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  1. FAIR HOUSING ACT TRAINING FOR LANDLORDS AND PROPERTY MANAGERSDavid Cronin Jacksonville Area Legal Aid Fair Housing Unit 126 West Adams StreetJacksonville, FL 32202(904) 356-8371 ext. 327

  2. FAIR HOUSING UNIT’S MISSION • Advocate for victims of housing discrimination • Promote fair housing education and outreach • Ensure compliance with civil rights laws

  3. Highlights of the Fair Housing Act

  4. Title VIII of the Civil Rights Act of 1968, as amended by the Fair Housing Amendments Act of 1988 (the Fair Housing Act) • Race • Color • Religion • Sex • Handicap (disability) • Familial status • National Origin • Federal Law • Applies to all 50 states • Prohibits housing discrimination because of:

  5. DEFINING DISCRIMINATION • Any action in which an individual or a group of individuals who are members of a protected class is treated differently than others • Result of this action denies that individual or group equal access to or benefit of a housing opportunity

  6. FHA DEFINITIONS: DISABILITY • While the laws use the word “handicap,” it’s use is no longer acceptable unless you are quoting the law • A person with a physical or mental impairment that substantially limits one or more major life activities; • A person with a record of such an impairment; • A person who is regarded as having such an impairment

  7. FHA DEFINITIONS: DISABILITY • Includes: • Hearing, mobility, speech, & visual impairments • Autism, cerebral palsy, epilepsy, muscular dystrophy, multiple sclerosis, cancer, heart disease, diabetes • Mental retardation and emotional illness • Developmentally disabled • AIDS, AIDS related complex • Alcoholism and drug addiction* • However, housing need not be made available to a person who is a direct threat to the health or safety of others OR who is *currently addicted to illegal drugs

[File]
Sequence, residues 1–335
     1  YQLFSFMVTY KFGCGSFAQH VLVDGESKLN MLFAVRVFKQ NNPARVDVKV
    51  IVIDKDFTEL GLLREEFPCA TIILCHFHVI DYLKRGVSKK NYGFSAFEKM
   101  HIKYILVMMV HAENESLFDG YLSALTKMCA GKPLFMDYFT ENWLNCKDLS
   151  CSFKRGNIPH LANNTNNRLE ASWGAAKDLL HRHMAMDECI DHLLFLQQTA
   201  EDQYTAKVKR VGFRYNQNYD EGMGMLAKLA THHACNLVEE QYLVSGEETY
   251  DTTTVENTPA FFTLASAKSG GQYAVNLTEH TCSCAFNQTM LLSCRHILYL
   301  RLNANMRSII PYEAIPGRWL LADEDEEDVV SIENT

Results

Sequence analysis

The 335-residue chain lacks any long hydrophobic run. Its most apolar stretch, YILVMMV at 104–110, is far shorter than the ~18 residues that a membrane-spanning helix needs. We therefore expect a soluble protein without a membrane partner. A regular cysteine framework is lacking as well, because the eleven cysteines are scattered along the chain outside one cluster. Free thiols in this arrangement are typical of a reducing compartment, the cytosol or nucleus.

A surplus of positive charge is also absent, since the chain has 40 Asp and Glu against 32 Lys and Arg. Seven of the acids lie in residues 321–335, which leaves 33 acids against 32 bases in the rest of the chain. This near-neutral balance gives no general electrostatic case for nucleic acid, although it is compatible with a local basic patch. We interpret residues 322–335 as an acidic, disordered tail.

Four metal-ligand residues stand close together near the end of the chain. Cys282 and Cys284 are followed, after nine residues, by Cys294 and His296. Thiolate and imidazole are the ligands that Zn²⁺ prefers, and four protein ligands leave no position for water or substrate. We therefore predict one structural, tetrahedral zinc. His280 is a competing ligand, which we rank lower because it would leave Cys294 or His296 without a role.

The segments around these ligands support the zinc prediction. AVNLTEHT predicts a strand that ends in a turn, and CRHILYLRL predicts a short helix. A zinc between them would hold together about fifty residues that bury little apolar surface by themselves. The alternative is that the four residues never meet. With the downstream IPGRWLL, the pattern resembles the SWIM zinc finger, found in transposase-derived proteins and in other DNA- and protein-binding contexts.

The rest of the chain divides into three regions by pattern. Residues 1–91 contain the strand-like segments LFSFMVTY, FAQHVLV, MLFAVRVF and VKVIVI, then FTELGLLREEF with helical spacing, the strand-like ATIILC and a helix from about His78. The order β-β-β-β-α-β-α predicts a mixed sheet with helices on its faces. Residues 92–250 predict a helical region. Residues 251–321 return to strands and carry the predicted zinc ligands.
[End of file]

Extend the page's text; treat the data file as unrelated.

8. FHA DEFINITIONS: FAMILIAL STATUS Applies to: • Persons under the age of 18 living with: • A parent or legal custodian • The designee of a parent or custodian with written permission • Pregnant women • Persons in process of securing legal custody • Does not cover • Marital status • Sexual orientation

  9. No Kids allowed HOUSING FAMILIES: EXCEPTIONS • Unless a building qualifies as 55 or 62 plus housing, it cannot discriminate against a family with a child who is under 18 years old • Familial status is exempt from 55 or 62 plus housing but all other protected categories apply

  10. FHA DEFINITIONS: 55 & OVERHOUSING • At least 80% of the occupied units are occupied by one person over age 55 • Policies and procedures are put in place and publicly displayed identifying the composition of the other 20% • Age verification procedures are in effect • Any deviation from the policies and procedures will cause loss of designation

  11. DEFINITIONS: 62 AND OVER HOUSING • All residents of the housing facility or development are aged 62 or over

  12. WHAT IS COVERED? Includes: • Sales & rentals of single-family houses or multi-family units • Mobile home parks • Vacant land for sale or lease for construction of residential housing • Mortgage lending • Design & new construction • Any other structures designed to house people

  13. WHO IS COVERED? • HUD or other Federally assisted housing providers • Private housing providers • Builders • Property management companies • Real estate agents • Owners • Homeowners associations